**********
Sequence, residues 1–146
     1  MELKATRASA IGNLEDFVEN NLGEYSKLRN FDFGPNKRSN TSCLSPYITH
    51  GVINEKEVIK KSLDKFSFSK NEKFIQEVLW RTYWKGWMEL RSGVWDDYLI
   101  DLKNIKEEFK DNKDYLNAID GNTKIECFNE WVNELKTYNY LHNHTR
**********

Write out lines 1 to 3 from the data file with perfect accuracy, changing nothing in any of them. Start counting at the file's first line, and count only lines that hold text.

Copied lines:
Sequence, residues 1–146
     1  MELKATRASA IGNLEDFVEN NLGEYSKLRN FDFGPNKRSN TSCLSPYITH
    51  GVINEKEVIK KSLDKFSFSK NEKFIQEVLW RTYWKGWMEL RSGVWDDYLI